A Brief History of 9 SQN Vietnam
Thank you for sending that report to me. It makes for interesting reading. It also records, (rightfully so) that the last 12 to 18 months were probably the most difficult for the squadron and its maintenance. It was in early October 1971 that the squadron moved out of the “Kanga Pad” and back to Vung Tau for its daily operations.
Yet, it was in late October, when all four Gunships were scrambled to cover an Army Pilatus Porta which had been shot down in the Long Hai Hills. The scramble started just after lunch, (probably about 1330) and finally stopped about 1800. In that time four armourers, myself plus three, had been re-arming gunships one at a time, then refilling the hopper bins, while they continually covered the target. When it stopped, we realized that they had cleaned us out of 7.62mm (1-in4) belted ammunition. They had fired 107,000 rounds of minigun ammunition in that day – it was a squadron record.
Also, there is a book titled “Shockwave” written by an Australian Army soldier which describes the life and flying of three of 9 Squadron aircrew. They were FLTLT Norm Goodall (Pilot), CPL Neville Sinkinson (AFFITT – Crewman), and Gary – – – (ADG – Gunner). It is an outstanding book, and describes the era of the squadron during the last 18 months of the squadron in Vietnam. After obtained a copy from our local library, I wrote a review of it and sent it to the library. I have attached a copy of the review.
Once again, thank you for sending that report.
By Peter Haran.
There have been a myriad of books dealing with the Australian involvement in Vietnam in one way or another – but this book, “Shockwave” is long overdue. The very fact that an infantry soldier is writing about the RAAF’s helicopter support is a huge compliment to those pilots and crews of No 9 Squadron who supported our soldiers in Vietnam.
Peter Haran, who served two tours of Vietnam, the first with 2RAR in 1967-68, and the second with 3RAR in 1971, has written an account of the lives, difficulties, stresses, and some very personal accounts. Peter has followed the lives of one of the pilots, a Crewman and a Gunner, describing their typical days, which also included several other members of the squadron during periods of intense operations. Peter was also able to follow the lives of a few of our soldiers and how they related to the helicopter crews.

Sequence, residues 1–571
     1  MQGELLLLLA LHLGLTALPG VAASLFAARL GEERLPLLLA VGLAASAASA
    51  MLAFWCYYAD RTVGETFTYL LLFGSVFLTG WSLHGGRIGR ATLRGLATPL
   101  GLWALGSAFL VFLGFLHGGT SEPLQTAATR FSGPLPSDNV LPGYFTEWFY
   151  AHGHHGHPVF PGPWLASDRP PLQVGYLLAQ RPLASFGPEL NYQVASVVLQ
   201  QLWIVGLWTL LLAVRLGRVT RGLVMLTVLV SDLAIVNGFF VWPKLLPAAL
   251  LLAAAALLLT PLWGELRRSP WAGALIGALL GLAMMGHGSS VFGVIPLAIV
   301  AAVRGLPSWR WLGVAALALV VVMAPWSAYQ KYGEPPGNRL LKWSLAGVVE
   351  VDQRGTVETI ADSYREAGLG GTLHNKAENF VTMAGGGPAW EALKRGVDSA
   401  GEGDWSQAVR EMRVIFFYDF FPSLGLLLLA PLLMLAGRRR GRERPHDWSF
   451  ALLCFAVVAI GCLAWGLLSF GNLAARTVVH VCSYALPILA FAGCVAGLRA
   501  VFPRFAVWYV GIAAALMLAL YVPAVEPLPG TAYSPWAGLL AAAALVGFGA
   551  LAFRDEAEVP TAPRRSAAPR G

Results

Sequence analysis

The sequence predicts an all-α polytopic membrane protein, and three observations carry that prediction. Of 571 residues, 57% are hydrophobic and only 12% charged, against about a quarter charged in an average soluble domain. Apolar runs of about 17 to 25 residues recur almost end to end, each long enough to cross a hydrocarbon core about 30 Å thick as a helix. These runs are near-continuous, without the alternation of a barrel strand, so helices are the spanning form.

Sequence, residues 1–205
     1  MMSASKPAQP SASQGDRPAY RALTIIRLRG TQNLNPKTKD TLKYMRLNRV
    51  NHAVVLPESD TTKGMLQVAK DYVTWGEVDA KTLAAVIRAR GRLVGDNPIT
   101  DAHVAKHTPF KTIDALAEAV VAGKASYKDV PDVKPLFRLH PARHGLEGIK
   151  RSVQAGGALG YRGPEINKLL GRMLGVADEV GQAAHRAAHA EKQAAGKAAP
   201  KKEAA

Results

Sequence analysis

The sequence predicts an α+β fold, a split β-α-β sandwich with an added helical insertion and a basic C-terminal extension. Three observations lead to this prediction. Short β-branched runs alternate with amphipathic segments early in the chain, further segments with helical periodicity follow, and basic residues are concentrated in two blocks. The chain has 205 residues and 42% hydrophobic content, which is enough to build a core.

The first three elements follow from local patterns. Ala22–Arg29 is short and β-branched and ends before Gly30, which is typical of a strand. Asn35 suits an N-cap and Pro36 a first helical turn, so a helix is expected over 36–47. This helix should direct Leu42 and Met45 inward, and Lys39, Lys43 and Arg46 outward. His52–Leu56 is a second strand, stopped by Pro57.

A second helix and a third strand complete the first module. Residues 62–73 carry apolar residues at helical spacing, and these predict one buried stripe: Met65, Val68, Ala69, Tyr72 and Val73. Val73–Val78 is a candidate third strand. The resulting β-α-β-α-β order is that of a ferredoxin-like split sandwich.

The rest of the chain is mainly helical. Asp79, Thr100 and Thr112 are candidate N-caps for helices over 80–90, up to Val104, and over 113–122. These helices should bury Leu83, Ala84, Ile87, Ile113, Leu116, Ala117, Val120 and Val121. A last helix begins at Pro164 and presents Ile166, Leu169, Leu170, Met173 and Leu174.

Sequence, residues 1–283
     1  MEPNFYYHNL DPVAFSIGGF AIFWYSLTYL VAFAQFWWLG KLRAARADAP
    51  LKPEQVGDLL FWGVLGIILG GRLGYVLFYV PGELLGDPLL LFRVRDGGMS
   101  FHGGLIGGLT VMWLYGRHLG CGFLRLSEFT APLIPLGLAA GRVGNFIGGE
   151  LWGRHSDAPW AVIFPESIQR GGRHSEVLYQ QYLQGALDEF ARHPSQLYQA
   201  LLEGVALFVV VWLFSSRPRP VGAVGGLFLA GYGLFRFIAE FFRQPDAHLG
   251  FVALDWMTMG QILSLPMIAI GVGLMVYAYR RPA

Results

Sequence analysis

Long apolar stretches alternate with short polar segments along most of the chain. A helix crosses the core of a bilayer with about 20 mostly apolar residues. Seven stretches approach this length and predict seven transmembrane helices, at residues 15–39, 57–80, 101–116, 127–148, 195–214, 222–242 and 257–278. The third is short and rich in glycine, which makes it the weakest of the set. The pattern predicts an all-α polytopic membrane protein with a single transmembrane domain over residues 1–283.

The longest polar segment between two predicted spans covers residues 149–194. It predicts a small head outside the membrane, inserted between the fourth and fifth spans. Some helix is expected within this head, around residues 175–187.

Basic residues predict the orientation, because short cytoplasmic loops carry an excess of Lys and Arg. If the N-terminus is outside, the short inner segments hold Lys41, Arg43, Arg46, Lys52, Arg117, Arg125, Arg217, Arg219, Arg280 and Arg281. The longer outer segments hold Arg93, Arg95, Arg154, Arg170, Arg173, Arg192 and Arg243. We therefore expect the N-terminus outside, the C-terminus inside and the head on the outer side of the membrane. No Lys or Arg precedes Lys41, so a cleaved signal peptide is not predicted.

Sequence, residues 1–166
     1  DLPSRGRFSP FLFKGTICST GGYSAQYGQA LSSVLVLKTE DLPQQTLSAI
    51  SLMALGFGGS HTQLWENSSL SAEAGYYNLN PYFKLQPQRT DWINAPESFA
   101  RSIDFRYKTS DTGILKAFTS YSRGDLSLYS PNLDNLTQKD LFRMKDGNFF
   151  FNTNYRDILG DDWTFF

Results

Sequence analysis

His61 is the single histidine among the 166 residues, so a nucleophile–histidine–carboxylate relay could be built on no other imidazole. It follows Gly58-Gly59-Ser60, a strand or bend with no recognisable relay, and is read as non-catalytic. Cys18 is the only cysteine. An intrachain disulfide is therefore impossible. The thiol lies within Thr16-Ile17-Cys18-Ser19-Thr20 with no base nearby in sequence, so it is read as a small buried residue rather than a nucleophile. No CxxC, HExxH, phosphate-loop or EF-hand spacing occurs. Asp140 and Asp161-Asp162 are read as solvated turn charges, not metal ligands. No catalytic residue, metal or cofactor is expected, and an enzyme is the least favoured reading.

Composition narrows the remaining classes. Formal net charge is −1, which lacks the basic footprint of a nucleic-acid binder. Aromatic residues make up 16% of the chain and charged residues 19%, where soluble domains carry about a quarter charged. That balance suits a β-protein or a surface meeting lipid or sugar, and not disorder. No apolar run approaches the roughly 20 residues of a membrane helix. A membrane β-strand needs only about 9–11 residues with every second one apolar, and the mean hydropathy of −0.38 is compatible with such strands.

The period of time he chose to write about, 1970 – 1971, was probably one of the most difficult for the squadron. No 9 Squadron served with distinction in Vietnam from June 1966 until December 1971, including some brilliant support of our soldiers during the Long Tan operation in 1966, and the Tet Offensive in 1968, and many others, yet the squadron had more aircraft shot down and more lives lost during the last 18 months than any other period in its Vietnam Service.
As a Vietnam Veteran myself, I served with No 9 Squadron right through this period (December 1970 until December 1971), and I knew most of the men he was talking about. The manner in which he described the RAAF Helicopter Gunships, and the manner of their operations, and the way the crews communicated with and cooperated with the soldiers on the ground, Medical evacuations, as well as describing the intensity of the operations by the troops on the ground was raw, personal, accurate, and very descriptive. In my case, each time he began to describe a particular incident or operation, I remembered those men who died on such operations and his description of these brought back some raw memories.
During the intensity of many of these operations, he also paid tribute to the Maintenance men who, through dedicated and long hours of work, managed to provide 15 serviceable aircraft out of a total of 16 aircraft on most days. On some days, when preparing for a big operation, Operations asked for 100% aircraft serviceability, (i.e., all 16 aircraft), then the maintenance crews would work right through the previous night.
This book is mandatory reading for those who wish to know the real level of cooperation which existed between our valiant soldiers and the airmen of No 9 Squadron.